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‘The Edge’ eyes a comeback
They ran the 40-yard dash, participated in a number of drills and played 7-on-7 football games under the eyes and guidance of 1996 Immokalee High School graduate Edgerrin James.
During his second annual football clinic, James said he remained undecided about whether he would return for a 12th season as an NFL running back. He said he would let his agent, Drew Rosenhaus, start negotiating at the right time.
“Now I’m healthy,” James said. “If the right situation presents itself, I’ll be playing.
“You never search. You don’t have to search. My resume is out there. The one thing about me is you know what you’re going to get. I’ve always been one of the best pass protectors out there. I know I can block and I can help protect those $20 million a year quarterbacks.”
Rosenhaus said the past year has been tough on James, whose wife died in early 2009.
“But he makes it work,” Rosenhaus said. “If the right opportunity presents itself, he’s going to play this year.”
But this day wasn’t about confirming James’s NFL future. It was about having fun.
At one point, James divided a number of athletes into two groups based on geography. The Southwest Florida children did shuttle runs against children from the Lake Okeechobee area.
Chants of “239!” and “OCB!” followed as the children competed against each other.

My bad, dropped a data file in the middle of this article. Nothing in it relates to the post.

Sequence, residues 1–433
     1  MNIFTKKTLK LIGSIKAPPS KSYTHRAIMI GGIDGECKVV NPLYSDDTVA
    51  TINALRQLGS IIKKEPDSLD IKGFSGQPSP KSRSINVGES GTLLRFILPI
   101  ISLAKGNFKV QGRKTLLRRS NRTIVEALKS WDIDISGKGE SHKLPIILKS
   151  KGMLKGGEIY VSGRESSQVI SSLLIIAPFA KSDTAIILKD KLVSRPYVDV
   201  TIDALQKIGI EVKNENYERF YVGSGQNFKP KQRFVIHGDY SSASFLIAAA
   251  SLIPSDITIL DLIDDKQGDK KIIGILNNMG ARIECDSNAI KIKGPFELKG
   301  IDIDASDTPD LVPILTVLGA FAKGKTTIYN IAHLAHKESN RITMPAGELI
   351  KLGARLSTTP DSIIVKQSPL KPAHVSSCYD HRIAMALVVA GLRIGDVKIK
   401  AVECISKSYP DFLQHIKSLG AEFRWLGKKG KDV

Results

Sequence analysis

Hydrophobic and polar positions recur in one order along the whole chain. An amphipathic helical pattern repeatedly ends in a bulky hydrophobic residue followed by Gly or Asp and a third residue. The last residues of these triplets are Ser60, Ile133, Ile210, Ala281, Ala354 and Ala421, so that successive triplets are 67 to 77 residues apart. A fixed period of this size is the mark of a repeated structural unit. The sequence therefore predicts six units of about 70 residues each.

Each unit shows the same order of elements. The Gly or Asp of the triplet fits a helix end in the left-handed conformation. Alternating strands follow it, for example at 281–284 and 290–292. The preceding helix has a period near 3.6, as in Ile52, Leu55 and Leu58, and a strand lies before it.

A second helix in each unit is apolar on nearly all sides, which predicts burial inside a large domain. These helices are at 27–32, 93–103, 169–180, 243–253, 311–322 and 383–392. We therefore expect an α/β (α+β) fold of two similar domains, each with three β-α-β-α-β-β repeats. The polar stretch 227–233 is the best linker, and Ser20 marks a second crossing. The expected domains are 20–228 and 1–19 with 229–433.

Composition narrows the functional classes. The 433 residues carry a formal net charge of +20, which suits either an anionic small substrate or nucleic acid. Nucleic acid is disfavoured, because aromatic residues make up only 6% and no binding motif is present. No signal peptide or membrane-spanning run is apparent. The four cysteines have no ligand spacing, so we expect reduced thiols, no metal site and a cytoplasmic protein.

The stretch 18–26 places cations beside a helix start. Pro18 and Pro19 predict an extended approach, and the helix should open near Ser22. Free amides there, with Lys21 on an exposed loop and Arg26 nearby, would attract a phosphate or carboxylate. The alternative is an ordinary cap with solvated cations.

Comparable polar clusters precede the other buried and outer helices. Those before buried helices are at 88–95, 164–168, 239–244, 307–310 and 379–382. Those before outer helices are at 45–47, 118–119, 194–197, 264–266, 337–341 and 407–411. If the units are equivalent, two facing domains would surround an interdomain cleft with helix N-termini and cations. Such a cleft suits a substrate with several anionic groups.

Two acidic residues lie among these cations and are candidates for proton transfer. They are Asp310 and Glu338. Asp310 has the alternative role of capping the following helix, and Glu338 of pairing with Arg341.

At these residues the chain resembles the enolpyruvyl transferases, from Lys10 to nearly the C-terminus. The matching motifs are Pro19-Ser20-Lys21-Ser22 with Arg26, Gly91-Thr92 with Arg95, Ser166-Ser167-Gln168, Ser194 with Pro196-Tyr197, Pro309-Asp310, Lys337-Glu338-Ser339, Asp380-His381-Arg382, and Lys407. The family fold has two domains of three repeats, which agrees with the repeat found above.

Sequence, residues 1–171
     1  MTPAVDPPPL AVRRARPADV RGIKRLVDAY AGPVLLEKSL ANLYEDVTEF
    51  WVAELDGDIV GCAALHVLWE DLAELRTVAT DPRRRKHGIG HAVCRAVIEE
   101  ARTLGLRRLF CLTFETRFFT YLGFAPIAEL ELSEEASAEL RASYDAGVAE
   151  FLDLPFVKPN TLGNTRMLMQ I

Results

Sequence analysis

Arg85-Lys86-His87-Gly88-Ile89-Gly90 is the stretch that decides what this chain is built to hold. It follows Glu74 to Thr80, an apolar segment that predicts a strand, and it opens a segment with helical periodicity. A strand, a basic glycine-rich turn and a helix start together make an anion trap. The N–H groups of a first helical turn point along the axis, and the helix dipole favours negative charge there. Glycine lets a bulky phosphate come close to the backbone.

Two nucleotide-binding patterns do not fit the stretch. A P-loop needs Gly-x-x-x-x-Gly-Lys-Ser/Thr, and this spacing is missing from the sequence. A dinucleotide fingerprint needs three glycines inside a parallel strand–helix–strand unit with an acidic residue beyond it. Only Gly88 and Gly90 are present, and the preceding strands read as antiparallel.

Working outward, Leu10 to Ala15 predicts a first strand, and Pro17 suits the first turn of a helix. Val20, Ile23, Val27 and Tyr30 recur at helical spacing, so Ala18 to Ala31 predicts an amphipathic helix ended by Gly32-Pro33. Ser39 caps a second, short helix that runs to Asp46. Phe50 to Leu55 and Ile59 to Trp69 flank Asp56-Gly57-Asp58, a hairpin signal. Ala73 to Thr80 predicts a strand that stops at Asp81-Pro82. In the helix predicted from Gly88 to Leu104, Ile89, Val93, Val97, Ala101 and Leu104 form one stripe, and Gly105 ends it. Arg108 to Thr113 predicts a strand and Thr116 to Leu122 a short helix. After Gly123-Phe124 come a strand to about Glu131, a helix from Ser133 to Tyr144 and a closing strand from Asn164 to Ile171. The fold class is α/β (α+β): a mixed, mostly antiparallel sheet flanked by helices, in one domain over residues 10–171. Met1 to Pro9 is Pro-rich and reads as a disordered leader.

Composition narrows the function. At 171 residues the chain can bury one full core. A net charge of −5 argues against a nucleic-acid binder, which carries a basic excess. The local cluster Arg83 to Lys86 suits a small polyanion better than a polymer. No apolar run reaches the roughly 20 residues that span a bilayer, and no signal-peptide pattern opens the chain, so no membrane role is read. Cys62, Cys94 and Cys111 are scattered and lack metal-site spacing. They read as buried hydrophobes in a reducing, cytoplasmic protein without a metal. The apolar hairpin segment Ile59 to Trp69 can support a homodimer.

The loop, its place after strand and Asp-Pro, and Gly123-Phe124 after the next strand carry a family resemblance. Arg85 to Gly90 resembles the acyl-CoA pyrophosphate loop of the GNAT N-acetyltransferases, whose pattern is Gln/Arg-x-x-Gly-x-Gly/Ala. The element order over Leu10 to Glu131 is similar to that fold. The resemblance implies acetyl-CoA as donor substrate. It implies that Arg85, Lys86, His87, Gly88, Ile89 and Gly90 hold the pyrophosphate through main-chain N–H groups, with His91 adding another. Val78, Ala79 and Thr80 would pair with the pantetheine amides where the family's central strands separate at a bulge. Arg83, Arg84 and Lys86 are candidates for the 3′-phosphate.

The 40-yard dash drew Fort Myers resident Alvin Barnes, who ran the distance in 4.6 seconds but then dropped the time to 4.5 seconds on his second attempt.
“He’s a good role model,” Barnes said of Edgerrin James.
Barnes will be a senior running back at Dunbar High School this fall.
“It’s good coming out here,” Barnes said. “It shows you where you stand and what you need to work on.”
James was asked who he thought was the best NFL running back today, Chris Johnson of the Titans or Adrian Peterson of the Vikings.
“It depends on what you’re looking for,” James said. “They’re both great backs. The main thing with the backs is to maintain it over a long period of time, year-in and year-out.”
James predicted that most teams will stick with two starting tailback systems.
“I think financially it makes sense,” James said. “They can pay two or three guys less than the price of one.
“I think you’ll always see at least two guys. It’s tough for guys to year-in and year-out play for 16 games and the preseason.”